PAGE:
The creative efforts of designers crafting notebook covers for Russian school children have resulted in several works of decisively bad taste, according to ultraconservative lawmaker Yelena Mizulina, a fierce defender of Russia's children from allegedly offensive content.
Mizulina is particularly incensed by notebook covers featuring flippant Soviet-era jokes that parodied the official ideology of the time, but were most likely intended for adult audiences, the lawmaker said on her Website and Twitter account on Wednesday.
“The specifics of a child's psyche are such that children interpret everything literally, they are unable to divine the hidden meaning of a joke placed on a notebook,” said Mizulina, the head of the State Duma's Committee on Family, Women and Children Affairs.
Mizulina posted photos of the offending notebooks. Another examples featured on her website offered children tongue-in-cheek spins on the realities of life in modern Russia, such as one calling for a teacher to “not use [their] service weapon.”
The Russian formulation of this phrase used the word “tabelnoye” — which can refer to both a service firearm and a student's report card. Another example singled out by Mizulina was a cover that read “Stop smoking and start skiing. Instead of cancer, you'll get a hernia.”
The notebooks have prompted a flurry of protests from Russian parents, she said.
Mizulina is currently campaigning in Omsk — the region she represents in the Duma, located in southwestern Siberia, about 2,200 kilometers away from Moscow — ahead of Russia's upcoming gubernatorial elections.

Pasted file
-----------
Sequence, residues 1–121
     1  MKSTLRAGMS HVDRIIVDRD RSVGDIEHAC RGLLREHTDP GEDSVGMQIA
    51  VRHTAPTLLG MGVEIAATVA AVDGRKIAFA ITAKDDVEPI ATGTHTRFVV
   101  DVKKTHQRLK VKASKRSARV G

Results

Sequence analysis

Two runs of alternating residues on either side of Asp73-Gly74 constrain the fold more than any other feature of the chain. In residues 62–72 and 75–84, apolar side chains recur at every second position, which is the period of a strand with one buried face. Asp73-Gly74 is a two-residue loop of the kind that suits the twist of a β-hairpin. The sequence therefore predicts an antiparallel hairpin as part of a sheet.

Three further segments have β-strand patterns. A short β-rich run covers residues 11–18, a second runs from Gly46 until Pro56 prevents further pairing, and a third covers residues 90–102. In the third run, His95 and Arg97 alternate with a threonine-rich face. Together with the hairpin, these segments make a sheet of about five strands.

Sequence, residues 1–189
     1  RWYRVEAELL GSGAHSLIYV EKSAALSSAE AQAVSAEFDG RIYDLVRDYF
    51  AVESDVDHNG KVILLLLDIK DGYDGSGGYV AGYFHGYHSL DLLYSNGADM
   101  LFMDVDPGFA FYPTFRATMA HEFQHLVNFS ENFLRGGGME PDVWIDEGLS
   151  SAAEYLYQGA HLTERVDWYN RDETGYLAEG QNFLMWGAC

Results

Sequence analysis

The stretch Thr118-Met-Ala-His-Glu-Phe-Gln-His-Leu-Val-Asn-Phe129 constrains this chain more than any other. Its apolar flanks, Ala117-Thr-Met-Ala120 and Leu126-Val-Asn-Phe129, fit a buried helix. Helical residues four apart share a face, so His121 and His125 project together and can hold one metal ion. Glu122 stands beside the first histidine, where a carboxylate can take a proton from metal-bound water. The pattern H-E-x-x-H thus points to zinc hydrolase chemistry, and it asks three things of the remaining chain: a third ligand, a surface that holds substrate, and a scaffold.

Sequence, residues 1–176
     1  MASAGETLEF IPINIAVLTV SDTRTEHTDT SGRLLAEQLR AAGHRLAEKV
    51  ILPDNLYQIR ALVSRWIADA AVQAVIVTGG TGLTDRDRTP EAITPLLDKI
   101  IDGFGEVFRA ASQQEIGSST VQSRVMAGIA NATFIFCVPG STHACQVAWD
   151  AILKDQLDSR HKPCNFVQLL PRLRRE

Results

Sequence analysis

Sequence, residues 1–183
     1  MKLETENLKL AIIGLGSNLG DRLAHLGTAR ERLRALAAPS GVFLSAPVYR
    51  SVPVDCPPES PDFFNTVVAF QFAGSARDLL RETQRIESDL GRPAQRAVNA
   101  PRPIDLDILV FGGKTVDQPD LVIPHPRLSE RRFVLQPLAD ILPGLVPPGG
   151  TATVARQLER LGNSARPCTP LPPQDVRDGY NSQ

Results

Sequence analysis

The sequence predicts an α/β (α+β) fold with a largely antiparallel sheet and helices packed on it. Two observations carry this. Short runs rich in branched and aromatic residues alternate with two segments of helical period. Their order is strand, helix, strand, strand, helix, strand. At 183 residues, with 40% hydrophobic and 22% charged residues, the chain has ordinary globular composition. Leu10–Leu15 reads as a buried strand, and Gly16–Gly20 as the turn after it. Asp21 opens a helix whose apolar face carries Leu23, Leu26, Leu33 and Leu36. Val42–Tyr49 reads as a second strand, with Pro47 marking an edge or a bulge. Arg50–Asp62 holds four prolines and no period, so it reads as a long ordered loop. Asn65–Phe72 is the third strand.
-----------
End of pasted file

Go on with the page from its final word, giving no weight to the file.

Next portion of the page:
Mizulina met with Education and Science Minister Dmitry Livanov in Omsk to discuss the problem of the notebook covers. Livanov “smirked” at the covers but denounced them, the Komsomoslkaya Pravda newspaper reported Wednesday.
The controversial Duma deputy, who has been an outspoken supporter of other conservative measures such as Russia's foreign adoption ban, has joined with her allies to draft an appeal to the Prosector General's office to enforce a law protecting children from harmful material, the newspaper reported.
Though Mizulina's proposal appears to be supported by some Russian parents, several of her previous proposals have been met with greater skepticism.
Mizulina has in the past proposed fining people who divorce, and called for adding a reference to the Orthodox Christian religion in the Russian constitution, which in its current form proclaims Russia as a secular state giving no preferential legal status to any one religion.
Atryom Belan, the artistic director of the Alt publishing house, which publishes notebooks for schoolchildren fired back at Mizulina's latest crusade, explaining that the offending material has not been a great hit, “but children are not idiots either,” Komsomolskaya Pravda reported.
“Those are jokes, and they cannot do any harm,” Belan was quoted as saying.
Belan pointed out that Alt publishing house several years ago published notebooks with portraits of Soviet dictator Joseph Stalin a few years ago. No protests from Mizulina were reported at that time.